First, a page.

Gordon ‘Santa’ Mahathey
As they say, you need a starting point. Mine was January 2013 when I had my yearly physical. My wife was concerned about my left nipple being inverted. I asked my GP about it and she checked it out. She asked me if I had any pain or anything with it and the answer was no. Then about September 2013, I felt a lump above the left nipple and an irritation below it. I asked my wife if she could see any redness from the irritation and also asked her to feel the lump. She thought it was probably a cyst or an ingrown hair, but in the back of my mind I knew it was probably the big C. I waited until my next physical which was February 5, 2014 and had my GP check it out again. This time she scheduled me to have a mammogram to see what it might be. I was scheduled to have it the next morning and by 11:00 o’clock, not only did I have a mammogram, I also had a sonogram and a biopsy.
My wife received the results the next day Friday around 8:00 o’clock in the morning; she wanted to know exactly what the doctors had to say, so I gave them permission to call her at work. It was my day off, and when her co-workers drove her home, I knew then what the answer was. She said we needed to talk and when I said, I have cancer, don’t I, she said, yes. I told her that we will beat it and work it out. We decided to only tell our family that I was diagnosed with IDC (Invasive Ductile Carcinoma). We would let everyone else know when we had more information.
My wife and daughter checked around and found the surgeon and oncologist for me to see. I saw the surgeon on Monday, February 10, and oncologist on Tuesday. Both agreed that I didn’t need radiation. I had surgery on Thursday. Prior to surgery, I had to take a shower with the special soap and then use the gold cream on my left breast. After rubbing the gold cream on my left breast, I had to wrap Saran Wrap around my chest. It was supposed to stay on for at least 2 hours. The surgeon’s nurse called right after to inform me the surgery was being delayed by two hours because the radioactive dye comes out of Birmingham and the weather (snow) was worse there than in Huntsville. I told my wife to cut the Saran Wrap off and reapply more cream. I was to arrive at the hospital at 11:00 and they injected the dye in around 11:30. The dye was injected around my nipple to see if the cancer had spread to the lymph nodes. Let me tell you, that was some awful pain having the dye injected, it hurt like crazy.
I was waiting in preop with family waiting for surgery when the anesthesiologist walks in looks and then walks back out to check on the board again. He comes back in and my wife asks him if he was looking for a Mahathey? He said yes, and my wife told him he is lying in the bed there. He made the statement that he had never seen a male that had breast cancer, so he asked me several questions which I was glad to answer. I was in surgery at 2:00 pm and we were home by 7:00 pm that night.
I found out that I was at stage 1 and the lump was 1.8cm. It had not spread into any lymph nodes; they removed five and they were all clear. I had a Susan B. Komen apron to hold the drain stuff which I had for three weeks.
I asked the surgeon’s nurse how far the drain tube went and after she told me, I was worried about the pain when they take it out. I saved a pain pill just for that purpose. When time came for removal of the tube, I took the pill before I left home. After arriving at the surgeon’s office I was laying there and felt the stitches being removed. I clinched up and according to the nurses I was turning pale. She asked me what was wrong and I told her I was waiting for them to pull the tube out. She told me that it had been taken out. We all got a laugh out of that.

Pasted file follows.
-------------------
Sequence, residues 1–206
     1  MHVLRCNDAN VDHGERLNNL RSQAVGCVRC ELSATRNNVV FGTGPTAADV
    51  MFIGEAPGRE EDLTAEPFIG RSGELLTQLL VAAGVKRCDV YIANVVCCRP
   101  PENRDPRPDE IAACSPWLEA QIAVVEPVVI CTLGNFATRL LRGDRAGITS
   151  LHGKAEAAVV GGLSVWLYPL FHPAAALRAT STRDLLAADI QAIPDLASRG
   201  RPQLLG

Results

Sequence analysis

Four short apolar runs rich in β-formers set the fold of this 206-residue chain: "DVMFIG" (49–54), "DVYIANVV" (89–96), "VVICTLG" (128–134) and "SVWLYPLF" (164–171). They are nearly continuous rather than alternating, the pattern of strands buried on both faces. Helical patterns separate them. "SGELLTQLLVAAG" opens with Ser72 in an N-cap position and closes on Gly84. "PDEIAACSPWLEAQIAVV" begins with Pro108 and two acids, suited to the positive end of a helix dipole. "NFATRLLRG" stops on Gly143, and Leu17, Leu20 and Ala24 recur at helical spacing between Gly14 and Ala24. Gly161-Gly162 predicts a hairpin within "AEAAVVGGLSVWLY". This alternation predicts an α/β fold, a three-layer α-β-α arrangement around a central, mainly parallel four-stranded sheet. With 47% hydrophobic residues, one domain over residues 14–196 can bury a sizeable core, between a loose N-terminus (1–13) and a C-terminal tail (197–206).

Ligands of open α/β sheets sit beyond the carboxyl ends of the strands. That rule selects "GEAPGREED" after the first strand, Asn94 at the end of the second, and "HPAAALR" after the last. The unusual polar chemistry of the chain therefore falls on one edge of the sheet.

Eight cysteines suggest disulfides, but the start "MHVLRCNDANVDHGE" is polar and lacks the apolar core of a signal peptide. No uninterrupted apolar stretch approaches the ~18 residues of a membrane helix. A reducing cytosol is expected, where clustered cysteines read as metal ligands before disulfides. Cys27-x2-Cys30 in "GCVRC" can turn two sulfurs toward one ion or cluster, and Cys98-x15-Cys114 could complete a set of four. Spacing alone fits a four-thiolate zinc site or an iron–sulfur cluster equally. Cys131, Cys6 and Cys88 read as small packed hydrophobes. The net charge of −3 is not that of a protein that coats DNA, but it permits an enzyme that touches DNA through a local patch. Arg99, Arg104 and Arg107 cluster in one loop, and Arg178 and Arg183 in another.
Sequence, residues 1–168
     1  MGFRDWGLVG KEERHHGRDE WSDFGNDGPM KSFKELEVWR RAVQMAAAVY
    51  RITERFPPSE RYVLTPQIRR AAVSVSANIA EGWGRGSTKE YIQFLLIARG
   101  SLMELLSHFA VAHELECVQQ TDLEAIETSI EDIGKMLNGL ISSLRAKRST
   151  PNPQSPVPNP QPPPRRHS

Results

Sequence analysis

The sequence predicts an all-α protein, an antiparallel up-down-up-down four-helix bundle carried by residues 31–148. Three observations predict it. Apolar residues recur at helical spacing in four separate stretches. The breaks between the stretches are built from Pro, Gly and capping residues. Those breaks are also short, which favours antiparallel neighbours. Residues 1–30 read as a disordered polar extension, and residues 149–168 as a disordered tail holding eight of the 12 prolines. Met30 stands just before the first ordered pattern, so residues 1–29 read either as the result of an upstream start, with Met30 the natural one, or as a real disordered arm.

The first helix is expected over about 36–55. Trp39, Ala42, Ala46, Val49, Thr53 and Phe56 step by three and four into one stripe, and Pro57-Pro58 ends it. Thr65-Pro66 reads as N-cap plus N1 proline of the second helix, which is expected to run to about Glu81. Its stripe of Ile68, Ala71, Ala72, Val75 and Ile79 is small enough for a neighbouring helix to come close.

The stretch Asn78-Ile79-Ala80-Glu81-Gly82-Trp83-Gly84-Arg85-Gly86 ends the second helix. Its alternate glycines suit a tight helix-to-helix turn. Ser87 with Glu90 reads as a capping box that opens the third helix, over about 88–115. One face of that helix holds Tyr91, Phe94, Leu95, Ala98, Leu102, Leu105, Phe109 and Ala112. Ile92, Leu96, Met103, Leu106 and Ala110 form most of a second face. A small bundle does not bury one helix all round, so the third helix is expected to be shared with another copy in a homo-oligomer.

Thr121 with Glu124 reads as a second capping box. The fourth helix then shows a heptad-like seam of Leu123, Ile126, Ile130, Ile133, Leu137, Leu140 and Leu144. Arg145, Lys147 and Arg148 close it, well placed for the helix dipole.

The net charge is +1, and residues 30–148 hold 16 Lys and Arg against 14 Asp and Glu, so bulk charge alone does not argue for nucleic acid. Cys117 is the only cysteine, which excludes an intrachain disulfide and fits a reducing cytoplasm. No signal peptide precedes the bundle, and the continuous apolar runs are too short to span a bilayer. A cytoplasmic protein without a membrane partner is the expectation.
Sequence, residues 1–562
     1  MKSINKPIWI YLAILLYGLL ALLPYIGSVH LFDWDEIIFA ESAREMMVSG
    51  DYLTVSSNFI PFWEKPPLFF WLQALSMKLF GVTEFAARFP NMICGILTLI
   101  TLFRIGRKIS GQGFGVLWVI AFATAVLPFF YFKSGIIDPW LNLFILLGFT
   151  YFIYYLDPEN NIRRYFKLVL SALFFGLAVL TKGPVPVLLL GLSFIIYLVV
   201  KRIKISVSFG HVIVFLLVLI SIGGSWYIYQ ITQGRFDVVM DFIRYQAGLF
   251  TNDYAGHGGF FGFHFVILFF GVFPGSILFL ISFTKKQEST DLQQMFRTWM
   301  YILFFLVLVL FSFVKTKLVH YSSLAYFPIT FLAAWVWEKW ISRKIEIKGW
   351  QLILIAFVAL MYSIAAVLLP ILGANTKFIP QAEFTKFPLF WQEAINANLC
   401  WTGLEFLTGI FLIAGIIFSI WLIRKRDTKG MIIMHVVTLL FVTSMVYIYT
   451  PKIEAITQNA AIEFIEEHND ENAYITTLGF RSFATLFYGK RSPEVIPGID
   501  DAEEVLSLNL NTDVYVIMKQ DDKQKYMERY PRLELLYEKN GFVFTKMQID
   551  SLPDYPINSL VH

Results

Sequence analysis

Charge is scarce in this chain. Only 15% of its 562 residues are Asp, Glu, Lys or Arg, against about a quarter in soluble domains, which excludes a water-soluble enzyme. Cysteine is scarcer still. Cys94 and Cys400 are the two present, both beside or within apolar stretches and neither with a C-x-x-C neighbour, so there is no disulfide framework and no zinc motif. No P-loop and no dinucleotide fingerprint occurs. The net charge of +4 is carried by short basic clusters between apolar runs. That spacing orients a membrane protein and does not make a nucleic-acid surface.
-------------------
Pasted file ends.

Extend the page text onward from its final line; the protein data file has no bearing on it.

After the removal of the stitches and the drain tube I had an appointment with my oncologist to see what the next step was. After going over my chart, he told me that I was at 85% cancer free, that I didn’t need any radiation but we talked about chemo. If I took chemo, it would be for 18 weeks and I would lose my beard and hair (by the way, did I tell you that I am Santa Claus?). He told me that I would only gain about 3% if I had chemo. I asked him if he would do it for 3% and he said no, I told him neither would I. He told me that he was going to put me on Tamoxifen and I would be on it for five years. For anyone that has never been on Tamoxifen I can tell you it has some bad side effects for some men. For me, some of them were: hot flashes, tiredness, taste buds not working, my mouth taste like blood, being moody and there are others. Also, my immune system is not very good at present.
I completed my five years of Tamoxifen on March 11 of this year. My hot flashes are going away, and are not nearly as rough as they were, nor as frequently. My taste buds are beginning to work and I am not as tired as I used to be. I had the genetics test done twice and all looks great.
Remember I made the statement about only telling our family, well the following Sunday, February 9, I got on Facebook and all the messages I had from friends and also Santa’s from around the world were asking questions. I answered them to the best of my ability as to what we knew at the time and also told them I would keep them informed and updated, if I couldn’t, my daughter would.
I have been interviewed by several newspapers, had a couple of TV interviews along with radio interviews. I have a pink Santa Suit that I wear during October, and my Corvette has a specialty license plate for Breast Cancer Awareness. So if you see a red Corvette with Alabama Breast Cancer license plate with 1SANTA that would be me. If there is anyone that would like to talk to me about this, I am ready to talk and listen.
Life is great, especially with God and the support of my family and friends whom I am forever so grateful.